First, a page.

Character matters.  For four years, AMC's tag line was "Story Matters Here," until it replaced it with "Something More."  As I like to tell people in my capacity as a reader for the Baltimore Playwrights' Festival, story is ultimately a function of character.  And there is no better aspect of "Mad Men" than its development of character over its past six seasons.  We have seen lives changed, yet fundamentally remain the same.  We have been surprised at times and yet, on reflection, the surprises have the feeling of inevitability.  And all of this has unfolded as much through the action as it has the dialogue.  In the process, the show's creator, Matthew Weiner, has told a Gatsby-like American fable of the virtues and limits of personal re-invention.  And he has done it against the background of the advertising industry, a world of image re-invention.  He has effectively written his great American novel.

Thank you for doing so, Mr. Weiner.  Good luck to you, and your talented cast and crew.  And may the lessons your show has taught be learned, and re-learned, by those that come after you.

Sunday, April 6, 2014

And, Speaking Of "Reaganomics" ...

Nothing demonstrates the futility of conservatives trying to stand athwart history and yelling "Stop" than history finally moving forward in Chile, with Michelle Bachelet picking up where Salvador Allende left off, and over a half-century of Nixon-induced fascism masquerading as capitalism coming to an end.

Sorry, conservatives, but history has a funny way of running you over when you stand in its way.

Solar Energy Doesn't Just Make Sense

It makes dollars, too.  Take a look.

Once The Glue, Now The Wedge

Once upon a time (back in the 1980s, especially), social issues like abortion, feminism, gay rights and religion in public forums were the glue that held together the war hawks and the tax cutters and gave the Republicans "wedge" issues to use against Democrats.  Now the wedging is working in the other direction, as a new generation of Republicans is adopting positions to the left of the elders.

Time is working against the so-called "Reagan Revolution."  Its base is almost entirely over the age of 65.  Not to put too fine or too cruel a point on it, but what kind of future can it have?

Why "Big Government" Is Always Needed

Because there are some risks that only big government is big enough to handle, and the risks are worth taking for the benefit of everyone.  NASA' Morpheus project is an example.  Perhaps it will help pave the way for a public-private partnership in space, much as we already have with air and rail travel.  I hope I live to see it.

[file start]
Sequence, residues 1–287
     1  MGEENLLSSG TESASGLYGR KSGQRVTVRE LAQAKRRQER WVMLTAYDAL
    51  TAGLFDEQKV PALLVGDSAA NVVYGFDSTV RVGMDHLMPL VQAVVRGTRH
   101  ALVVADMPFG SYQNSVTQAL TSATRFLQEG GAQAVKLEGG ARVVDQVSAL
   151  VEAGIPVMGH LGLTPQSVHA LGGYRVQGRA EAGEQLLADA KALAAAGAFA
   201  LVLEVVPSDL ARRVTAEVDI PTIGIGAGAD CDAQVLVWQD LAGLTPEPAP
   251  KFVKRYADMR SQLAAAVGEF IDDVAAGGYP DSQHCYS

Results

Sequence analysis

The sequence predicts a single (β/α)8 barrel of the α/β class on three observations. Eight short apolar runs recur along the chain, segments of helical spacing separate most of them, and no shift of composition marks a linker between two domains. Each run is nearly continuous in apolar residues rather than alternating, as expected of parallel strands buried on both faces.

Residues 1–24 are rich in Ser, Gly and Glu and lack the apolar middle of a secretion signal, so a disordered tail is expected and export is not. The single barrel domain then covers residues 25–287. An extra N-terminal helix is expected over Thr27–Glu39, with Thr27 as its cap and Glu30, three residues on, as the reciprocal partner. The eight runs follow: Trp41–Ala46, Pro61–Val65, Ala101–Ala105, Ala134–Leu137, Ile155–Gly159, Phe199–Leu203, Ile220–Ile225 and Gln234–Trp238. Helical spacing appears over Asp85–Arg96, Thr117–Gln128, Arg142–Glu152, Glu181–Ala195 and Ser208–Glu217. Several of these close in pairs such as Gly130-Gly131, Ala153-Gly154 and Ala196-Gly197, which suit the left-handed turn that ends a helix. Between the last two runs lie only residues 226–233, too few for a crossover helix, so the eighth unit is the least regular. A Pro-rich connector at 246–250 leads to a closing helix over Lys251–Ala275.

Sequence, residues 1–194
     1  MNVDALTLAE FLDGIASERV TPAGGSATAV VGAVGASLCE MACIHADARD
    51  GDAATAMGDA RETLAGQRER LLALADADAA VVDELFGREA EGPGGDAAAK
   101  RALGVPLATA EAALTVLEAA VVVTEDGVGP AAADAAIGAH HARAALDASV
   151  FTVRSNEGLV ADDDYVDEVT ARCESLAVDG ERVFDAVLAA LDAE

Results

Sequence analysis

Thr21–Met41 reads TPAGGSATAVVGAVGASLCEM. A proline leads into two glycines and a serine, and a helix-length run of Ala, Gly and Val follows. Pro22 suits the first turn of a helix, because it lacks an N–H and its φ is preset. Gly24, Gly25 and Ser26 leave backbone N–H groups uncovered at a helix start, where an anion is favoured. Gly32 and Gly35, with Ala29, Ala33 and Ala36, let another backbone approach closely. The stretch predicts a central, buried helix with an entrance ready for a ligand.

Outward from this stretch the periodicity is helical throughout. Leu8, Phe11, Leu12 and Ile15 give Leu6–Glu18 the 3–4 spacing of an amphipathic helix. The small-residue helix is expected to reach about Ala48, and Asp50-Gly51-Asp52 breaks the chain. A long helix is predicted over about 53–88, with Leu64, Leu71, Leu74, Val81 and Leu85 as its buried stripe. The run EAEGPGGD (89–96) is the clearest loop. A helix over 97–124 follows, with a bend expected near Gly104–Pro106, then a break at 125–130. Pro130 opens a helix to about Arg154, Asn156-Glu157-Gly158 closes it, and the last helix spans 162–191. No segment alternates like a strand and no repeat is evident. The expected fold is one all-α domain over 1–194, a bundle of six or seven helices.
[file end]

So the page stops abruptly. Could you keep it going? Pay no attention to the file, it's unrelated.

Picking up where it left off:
Don't Let Anyone Tell You Green Living Isn't Possible.

It's more than possible; it's already happening, and it's creating all sorts of exciting synergies, allowing us to solve social and environmental problems at the same time.  Collapsible woven refugee shelters powered by the sun?  Already happening.  And trust me, it's only the beginning.

Don't Steal Their Jobs. Steal Their Ideas.

That's exactly what Rick Perry and other red-state governors should do, when it comes to talking about blue-state economies and bragging about non-existent red-state miracles.  Stop beating up on your betters.  Learn from the successes of blue states--they're the ones generating the Federal revenues that keep bailing you out of the consequences of your failed policies and your stubborn unwillingness to learn.

The Best High-Speed "Internet" May Not Be The Internet

Instead, it may be high-speed rail, which, slowly but hopefully surely, may be coming to America at last.  Let me explain why.

If history teaches us anything, it is that every revolution in both communication and transportation has brought people in closer proximity to one another.  While the short-term results of that have not always been peaceful, the long-term benefits have ultimately been enjoyed by everyone--an explosion of commerce, an expansion of knowledge on almost every front, and (perhaps best of all) a greater understanding of different cultures along with a deeper appreciation of our dependence on one another.  The Internet age, perhaps the ultimate revolution in communication, is now a little more than a generation old (thank you, Al Gore, who really did help make it happen), and the long-term benefits of the World Wide Web in commerce, knowledge and cultural understanding are obvious.

Is it possible to have a similar revolution in transportation?  Yes, it is, and high-speed rail is the key to taking the benefits of the Internet age and expanding them into our day-to-day lives.  Right now, each of us is able online to communicate, to trade, to share ideas and experiences all over the entire country in seconds with a high-speed connection and a few keystrokes.  Imagine being able to do something similar on a physical basis by way of high-speed rail.  In a matter of hours or less, you could be in the same room or rooms with those same people, building even deeper and stronger relationships with them.

The Internet would become more than just a modern-day Matrix for corporate America.  It would become a launching pad to interacting, networking and associating directly with people all over the country.  The implications would be as obvious as they are enormous, especially for politics.  It would be even easier for blue-state liberals to offer support to their long-suffering counterparts.  It would truly begin to equalize the distribution of support for political campaigns across all fifty states.  It would be harder to marginalize progressives, if they have the ability to literally be almost anywhere in a matter of hours.  And none of this even begins to touch on the benefits building a national high-speed rail system would bring to employment, investment, and energy conservation.